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Parenting in Canadian Aboriginal Cultures

  • Karen M. BenziesEmail author
Chapter
Part of the Science Across Cultures: The History of Non-Western Science book series (SACH, volume 7)

Abstract

Aboriginal children and parents in Canada experience conditions unique to their cultural group. There are large inequalities in social determinants of health for Aboriginal peoples. Aboriginal children are more likely than non-Aboriginals to be born to an adolescent mother, to be raised in foster care and almost half live below the poverty line. The impact of colonialism on Aboriginal parenting must also be taken into account. The colonialist practice of forced re-education in the early twentieth century interrupted and obscured knowledge of traditional parenting practices. General principles to support parenting in Canadian Aboriginal cultures include respect for the diversity of Aboriginal culture and its traditions and values. Two-generation programs that provide early learning and care, and nutritious meals for children concurrent with parenting and life skills training for adults have shown promise, as they support the economic and social needs of Aboriginal parents.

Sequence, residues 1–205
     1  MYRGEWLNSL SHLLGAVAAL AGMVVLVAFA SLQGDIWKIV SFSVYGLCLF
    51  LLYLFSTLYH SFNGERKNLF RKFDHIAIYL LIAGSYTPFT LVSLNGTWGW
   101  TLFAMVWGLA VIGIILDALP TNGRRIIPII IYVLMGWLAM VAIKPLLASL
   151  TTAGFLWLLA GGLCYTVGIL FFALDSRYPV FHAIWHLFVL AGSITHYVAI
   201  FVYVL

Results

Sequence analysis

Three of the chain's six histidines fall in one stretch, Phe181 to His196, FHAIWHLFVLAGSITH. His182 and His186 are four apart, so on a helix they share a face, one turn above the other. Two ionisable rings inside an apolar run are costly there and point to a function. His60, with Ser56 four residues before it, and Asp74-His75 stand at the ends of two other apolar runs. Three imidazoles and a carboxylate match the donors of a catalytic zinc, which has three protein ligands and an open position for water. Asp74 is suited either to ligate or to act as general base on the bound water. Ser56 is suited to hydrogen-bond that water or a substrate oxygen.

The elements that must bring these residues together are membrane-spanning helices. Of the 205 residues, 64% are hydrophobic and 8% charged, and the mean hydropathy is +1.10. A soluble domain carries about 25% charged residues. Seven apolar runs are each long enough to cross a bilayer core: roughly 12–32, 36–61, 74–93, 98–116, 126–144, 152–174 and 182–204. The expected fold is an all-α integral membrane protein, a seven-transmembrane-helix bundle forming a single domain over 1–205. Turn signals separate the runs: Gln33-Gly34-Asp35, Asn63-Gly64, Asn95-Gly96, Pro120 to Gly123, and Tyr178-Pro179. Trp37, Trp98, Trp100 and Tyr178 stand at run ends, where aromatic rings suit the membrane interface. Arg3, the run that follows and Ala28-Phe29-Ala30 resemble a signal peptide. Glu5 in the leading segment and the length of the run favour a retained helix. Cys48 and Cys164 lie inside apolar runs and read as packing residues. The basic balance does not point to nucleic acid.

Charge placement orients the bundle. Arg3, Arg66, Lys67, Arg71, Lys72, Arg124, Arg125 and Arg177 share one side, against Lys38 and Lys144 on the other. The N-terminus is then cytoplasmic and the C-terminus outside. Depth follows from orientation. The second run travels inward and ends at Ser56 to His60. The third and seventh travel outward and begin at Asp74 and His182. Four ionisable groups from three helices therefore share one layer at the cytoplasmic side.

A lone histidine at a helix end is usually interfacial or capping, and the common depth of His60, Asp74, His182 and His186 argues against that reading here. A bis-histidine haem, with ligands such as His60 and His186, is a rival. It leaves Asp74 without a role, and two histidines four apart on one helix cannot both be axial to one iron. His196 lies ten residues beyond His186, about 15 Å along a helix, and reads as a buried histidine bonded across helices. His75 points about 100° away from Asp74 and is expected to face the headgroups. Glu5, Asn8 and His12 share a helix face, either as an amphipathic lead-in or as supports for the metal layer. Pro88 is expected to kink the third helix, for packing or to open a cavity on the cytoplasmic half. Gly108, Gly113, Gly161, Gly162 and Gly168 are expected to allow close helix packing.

Keywords

Aboriginal People Attachment Theory Adolescent Mother Aboriginal Child Aboriginal Heritage 
These keywords were added by machine and not by the authors. This process is experimental and the keywords may be updated as the learning algorithm improves.

Notes

Acknowledgment

Research was funded by the Max Bell Foundation

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Copyright information

© Springer Science+Business Media Dordrecht 2014

Authors and Affiliations

  1. 1.Faculty of Nursing, Faculty of MedicineUniversity of CalgaryCalgaryCanada

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